Phil Spencer: 'Xbox Game Pass is very, very sustainable as it is'
Actually yes, Xbox Game Pass is sustainable already.
One of the things I've been told Xbox finds amusing is the discourse around Xbox Game Pass, with some industry commentators claiming it burns through cash and is unsustainable. I've said for a while that I've heard it's already sustainable, and it seems now we have some official confirmation that yes, it is indeed the case.
Speaking with Stephen Totilo of Axios, Xbox head Phil Spencer discussed Xbox Game Pass, its targets, and its future.
With regards to subscriber figures, Spencer reacted to reports a few weeks back that XGP missed internal targets, emphasizing that Microsoft frequently sets aspirational goals for itself. "I'm always going to set those targets high. Game Pass is doing very well from a business perspective and a creative and engagement perspective, so it continues to be, I think, a real differentiator for our platform and enabler for creators and players."
Totilo asked if it was wrong to claim that Xbox Game Pass is unsustainable, citing analysis that it could potentially eat into retail sales of upcoming exclusives like Starfield. Spencer quite frankly replied "yeah," inviting people to do the math themselves. "I mean you could do the math on Game Pass. I guess you don't know how many subscribers or how much each subscriber is paying, but you can make some fairly informed decisions and literally just do the math on what we think Game Pass could eventually be--you could do that on any part of the business. But absolutely, Game Pass is sustainable."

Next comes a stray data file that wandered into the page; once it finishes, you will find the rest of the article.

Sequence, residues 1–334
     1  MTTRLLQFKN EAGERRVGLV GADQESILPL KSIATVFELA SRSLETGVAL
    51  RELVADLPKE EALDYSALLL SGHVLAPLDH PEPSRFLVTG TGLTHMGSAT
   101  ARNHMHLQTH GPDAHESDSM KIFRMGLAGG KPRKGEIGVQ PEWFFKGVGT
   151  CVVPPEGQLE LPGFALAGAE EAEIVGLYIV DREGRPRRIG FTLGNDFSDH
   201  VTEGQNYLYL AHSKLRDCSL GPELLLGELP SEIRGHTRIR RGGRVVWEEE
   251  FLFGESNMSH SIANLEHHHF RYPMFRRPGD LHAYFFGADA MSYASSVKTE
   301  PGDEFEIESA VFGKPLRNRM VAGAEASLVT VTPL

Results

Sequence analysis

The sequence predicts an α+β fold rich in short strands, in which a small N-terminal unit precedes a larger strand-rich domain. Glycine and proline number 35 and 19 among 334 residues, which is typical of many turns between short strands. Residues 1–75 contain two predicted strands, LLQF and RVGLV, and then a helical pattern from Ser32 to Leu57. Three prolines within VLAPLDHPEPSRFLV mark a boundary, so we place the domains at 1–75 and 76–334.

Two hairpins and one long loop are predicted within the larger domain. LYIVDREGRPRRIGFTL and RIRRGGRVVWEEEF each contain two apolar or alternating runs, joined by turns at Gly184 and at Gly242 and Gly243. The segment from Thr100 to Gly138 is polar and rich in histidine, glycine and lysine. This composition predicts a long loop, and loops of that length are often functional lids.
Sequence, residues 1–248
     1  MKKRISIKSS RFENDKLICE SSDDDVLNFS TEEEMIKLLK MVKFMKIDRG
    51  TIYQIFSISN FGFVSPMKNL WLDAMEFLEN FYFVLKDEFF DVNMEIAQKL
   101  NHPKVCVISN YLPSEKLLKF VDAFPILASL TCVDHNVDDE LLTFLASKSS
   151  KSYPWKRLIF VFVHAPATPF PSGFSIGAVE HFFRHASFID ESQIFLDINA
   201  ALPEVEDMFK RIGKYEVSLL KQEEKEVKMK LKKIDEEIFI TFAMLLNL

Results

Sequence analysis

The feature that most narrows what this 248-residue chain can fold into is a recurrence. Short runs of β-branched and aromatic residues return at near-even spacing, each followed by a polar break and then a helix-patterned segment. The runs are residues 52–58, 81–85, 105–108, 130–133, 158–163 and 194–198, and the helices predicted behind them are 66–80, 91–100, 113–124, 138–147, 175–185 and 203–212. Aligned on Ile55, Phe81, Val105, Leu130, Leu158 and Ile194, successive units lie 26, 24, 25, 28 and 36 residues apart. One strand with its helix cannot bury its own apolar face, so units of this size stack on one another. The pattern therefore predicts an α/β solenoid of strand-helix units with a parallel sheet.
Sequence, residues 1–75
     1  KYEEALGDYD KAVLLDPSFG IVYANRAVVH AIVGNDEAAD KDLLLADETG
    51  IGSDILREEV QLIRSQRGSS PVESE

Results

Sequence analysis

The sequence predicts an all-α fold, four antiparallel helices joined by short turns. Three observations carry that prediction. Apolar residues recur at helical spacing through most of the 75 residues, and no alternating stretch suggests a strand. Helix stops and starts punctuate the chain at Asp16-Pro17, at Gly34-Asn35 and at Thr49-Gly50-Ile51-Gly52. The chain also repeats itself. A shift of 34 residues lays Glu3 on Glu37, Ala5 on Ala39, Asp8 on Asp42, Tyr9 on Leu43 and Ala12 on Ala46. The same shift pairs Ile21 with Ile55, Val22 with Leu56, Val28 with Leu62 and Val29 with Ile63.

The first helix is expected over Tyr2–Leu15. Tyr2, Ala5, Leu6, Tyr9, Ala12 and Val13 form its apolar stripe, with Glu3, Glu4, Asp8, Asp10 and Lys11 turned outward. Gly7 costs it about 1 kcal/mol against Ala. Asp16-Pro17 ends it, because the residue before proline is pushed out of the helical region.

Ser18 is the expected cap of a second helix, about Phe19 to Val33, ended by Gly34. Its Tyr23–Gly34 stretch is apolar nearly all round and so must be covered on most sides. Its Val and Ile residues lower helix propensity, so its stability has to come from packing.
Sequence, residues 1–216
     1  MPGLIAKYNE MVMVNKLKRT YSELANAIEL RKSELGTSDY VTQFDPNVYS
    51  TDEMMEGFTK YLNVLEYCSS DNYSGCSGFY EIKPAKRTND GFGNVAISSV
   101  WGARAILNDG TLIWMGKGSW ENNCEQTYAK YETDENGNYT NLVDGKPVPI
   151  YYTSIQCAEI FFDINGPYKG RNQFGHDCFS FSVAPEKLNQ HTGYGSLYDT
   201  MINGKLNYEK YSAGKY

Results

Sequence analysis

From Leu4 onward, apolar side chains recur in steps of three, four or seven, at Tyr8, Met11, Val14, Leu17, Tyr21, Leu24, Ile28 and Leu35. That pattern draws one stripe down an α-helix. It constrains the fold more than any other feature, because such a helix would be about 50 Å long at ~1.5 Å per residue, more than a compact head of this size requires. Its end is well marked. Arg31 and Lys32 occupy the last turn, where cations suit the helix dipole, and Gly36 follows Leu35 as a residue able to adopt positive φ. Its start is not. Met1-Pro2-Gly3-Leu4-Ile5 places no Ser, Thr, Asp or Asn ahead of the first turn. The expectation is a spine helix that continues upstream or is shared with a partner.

Spencer reiterated that Xbox Game Pass is designed to supplement Xbox, and it is just one of a range of focuses the organization has right now. Spencer noted that it's not the "only thing" growing within Xbox, and it's true that retail demand for Xbox Series X and Series S consoles continues to outstrip supply. Xbox is also seeing something of a resurgence in Japan, outselling the Xbox One console entire lifetime sales in just a year.
"I love to see it growing, because I see what it does to the diversity of games that people play and the games that we can fund to go create. And I think that's a very magical mix. But its growth is a part of Xbox. It's not the only thing that's growing in Xbox. It's not the only focus of the organization, and it, as a standalone thing, is very sustainable as it sits today, like just today. It's sustainable."